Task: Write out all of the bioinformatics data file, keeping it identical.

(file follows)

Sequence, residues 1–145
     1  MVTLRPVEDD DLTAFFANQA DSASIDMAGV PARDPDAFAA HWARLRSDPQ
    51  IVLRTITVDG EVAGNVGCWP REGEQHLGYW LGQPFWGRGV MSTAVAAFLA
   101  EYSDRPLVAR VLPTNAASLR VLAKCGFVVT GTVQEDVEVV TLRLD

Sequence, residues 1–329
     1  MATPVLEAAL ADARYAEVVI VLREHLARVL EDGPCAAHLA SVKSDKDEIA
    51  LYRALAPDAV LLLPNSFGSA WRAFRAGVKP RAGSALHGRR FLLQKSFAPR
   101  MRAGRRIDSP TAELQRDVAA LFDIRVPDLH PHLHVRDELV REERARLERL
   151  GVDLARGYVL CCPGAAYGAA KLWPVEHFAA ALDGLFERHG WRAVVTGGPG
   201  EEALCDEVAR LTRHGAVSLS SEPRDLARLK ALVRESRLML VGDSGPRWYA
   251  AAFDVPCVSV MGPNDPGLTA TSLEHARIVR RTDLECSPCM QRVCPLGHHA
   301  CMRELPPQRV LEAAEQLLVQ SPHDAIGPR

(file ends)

Sequence, residues 1–145
     1  MVTLRPVEDD DLTAFFANQA DSASIDMAGV PARDPDAFAA HWARLRSDPQ
    51  IVLRTITVDG EVAGNVGCWP REGEQHLGYW LGQPFWGRGV MSTAVAAFLA
   101  EYSDRPLVAR VLPTNAASLR VLAKCGFVVT GTVQEDVEVV TLRLD

Sequence, residues 1–329
     1  MATPVLEAAL ADARYAEVVI VLREHLARVL EDGPCAAHLA SVKSDKDEIA
    51  LYRALAPDAV LLLPNSFGSA WRAFRAGVKP RAGSALHGRR FLLQKSFAPR
   101  MRAGRRIDSP TAELQRDVAA LFDIRVPDLH PHLHVRDELV REERARLERL
   151  GVDLARGYVL CCPGAAYGAA KLWPVEHFAA ALDGLFERHG WRAVVTGGPG
   201  EEALCDEVAR LTRHGAVSLS SEPRDLARLK ALVRESRLML VGDSGPRWYA
   251  AAFDVPCVSV MGPNDPGLTA TSLEHARIVR RTDLECSPCM QRVCPLGHHA
   301  CMRELPPQRV LEAAEQLLVQ SPHDAIGPR